There are five project Outcomes, which are intended to achieve the project Objective, as follows:
- Increased technical capacity of the Ministry of Forestry, Range and Soil Conservation and relevant Departments to apply up-to-date climate science for the management of evolving risks and uncertainty linked to climate change.
- Communities empowered with skills, knowledge, partnerships and institutions for managing natural resources to reduce vulnerability to climate change and increase resilience of natural and social capital (over 7000 households with potential for up scaling to cover 20,000).
- Over 50,000 hectares of land across the Foothills, Lowlands and the Lower Senqu River Basin rehabilitated through operationalization of the climate-smart Land rehabilitation programme.
- National strategies for rangeland and wetland management strengthened by the integration of climate change/variability and ecosystem management.
- NSDP mainstreamed into local development strategies to support the constituency-wide adoption of the climate smart land rehabilitation programme.
Progress towards building permaculture capacity and integrating this into community-based food production in the project community council areas.
In terms of addressing food security the project is providing support to communities in the form of quantities of a variety of seeds for planting, shade cloth, plastic and related structural material for the construction of green/shade houses, the provision of solar-driers for dehydrating fruit and the establishment of 14 Farmer Field Schools for capacity building. Community engagement with the project is on a voluntary basis and the provision of the items listed here are as incentives for participation in Land Rehabilitation Programmes.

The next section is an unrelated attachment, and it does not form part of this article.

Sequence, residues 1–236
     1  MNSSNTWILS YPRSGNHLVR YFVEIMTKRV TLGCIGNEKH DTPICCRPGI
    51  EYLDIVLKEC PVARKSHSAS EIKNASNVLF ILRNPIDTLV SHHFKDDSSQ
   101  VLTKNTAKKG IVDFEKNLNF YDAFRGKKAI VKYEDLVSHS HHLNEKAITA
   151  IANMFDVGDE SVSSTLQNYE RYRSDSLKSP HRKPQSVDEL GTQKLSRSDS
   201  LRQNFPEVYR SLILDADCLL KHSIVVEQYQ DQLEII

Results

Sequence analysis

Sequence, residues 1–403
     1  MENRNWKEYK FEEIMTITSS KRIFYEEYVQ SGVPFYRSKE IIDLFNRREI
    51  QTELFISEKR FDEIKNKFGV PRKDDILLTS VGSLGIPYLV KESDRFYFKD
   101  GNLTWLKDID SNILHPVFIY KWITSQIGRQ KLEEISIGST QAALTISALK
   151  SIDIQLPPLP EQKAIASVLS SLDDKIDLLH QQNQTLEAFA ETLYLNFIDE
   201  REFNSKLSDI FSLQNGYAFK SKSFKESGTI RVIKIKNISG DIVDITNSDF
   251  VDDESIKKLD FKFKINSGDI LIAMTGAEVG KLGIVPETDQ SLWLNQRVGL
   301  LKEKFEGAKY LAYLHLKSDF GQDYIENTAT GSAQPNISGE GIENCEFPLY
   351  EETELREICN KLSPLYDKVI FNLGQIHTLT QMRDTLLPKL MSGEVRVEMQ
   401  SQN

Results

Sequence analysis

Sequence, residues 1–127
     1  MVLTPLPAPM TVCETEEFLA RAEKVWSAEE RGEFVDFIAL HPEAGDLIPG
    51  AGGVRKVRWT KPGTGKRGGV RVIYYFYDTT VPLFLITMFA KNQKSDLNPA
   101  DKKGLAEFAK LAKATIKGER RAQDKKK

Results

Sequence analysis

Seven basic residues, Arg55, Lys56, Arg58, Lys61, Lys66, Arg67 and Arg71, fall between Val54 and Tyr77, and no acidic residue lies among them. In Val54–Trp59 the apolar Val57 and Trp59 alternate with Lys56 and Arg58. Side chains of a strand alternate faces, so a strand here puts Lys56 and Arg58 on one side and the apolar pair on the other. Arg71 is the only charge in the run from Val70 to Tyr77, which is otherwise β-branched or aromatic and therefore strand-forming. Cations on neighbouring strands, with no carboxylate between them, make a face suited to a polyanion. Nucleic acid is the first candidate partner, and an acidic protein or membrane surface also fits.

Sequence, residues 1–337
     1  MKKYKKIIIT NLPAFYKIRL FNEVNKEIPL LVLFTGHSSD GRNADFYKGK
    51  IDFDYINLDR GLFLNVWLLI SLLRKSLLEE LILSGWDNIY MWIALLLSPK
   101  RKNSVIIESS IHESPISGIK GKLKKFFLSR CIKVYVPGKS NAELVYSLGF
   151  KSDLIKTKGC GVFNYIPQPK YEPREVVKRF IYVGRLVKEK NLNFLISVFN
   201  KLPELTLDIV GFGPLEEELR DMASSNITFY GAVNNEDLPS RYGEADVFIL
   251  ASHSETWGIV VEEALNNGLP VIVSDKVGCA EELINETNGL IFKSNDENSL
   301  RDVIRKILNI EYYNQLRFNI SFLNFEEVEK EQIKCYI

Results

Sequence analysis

Although the growing of food is happening at many of the sites within the project area, this is happening in the absence of any permaculture principles and practice. It is also the case that permaculture principles and practice have not been addressed with any of the training that has been provided to either technical staff of the relevant Ministries and/or the participating community members.
The RVCC project seeks to appoint an experienced National and/or International Consultant/s to train approximately 30 technical staff / NGO staff and 50 - 75 lead farmers / and teachers representing the 27 schools in the project area in the growing of food according to permaculture principles and practice to catalyse achievement of Project Outcomes i.e.:
- Increased technical capacity of the Ministry of Forestry, Range and Soil Conservation and relevant departments to apply up-to-date climate science for the management of evolving risks and uncertainty linked to climate change; and
- Communities empowered with skills, knowledge, partnerships and institutions for managing natural resources to reduce vulnerability to climate change and increase resilience of natural and social capital (over 7,000 households with potential for upscaling to cover over 20,000).
- Technical guidelines for climate change adaptation interventions developed and implemented.
- Policy recommendations for the integration of climate risk considerations in the Lithipeng, Khoelenya and Thaba-Mokhele Community Councils’ development plans, as well as the Mohale’s Hoek District development plan implemented.
Scope of work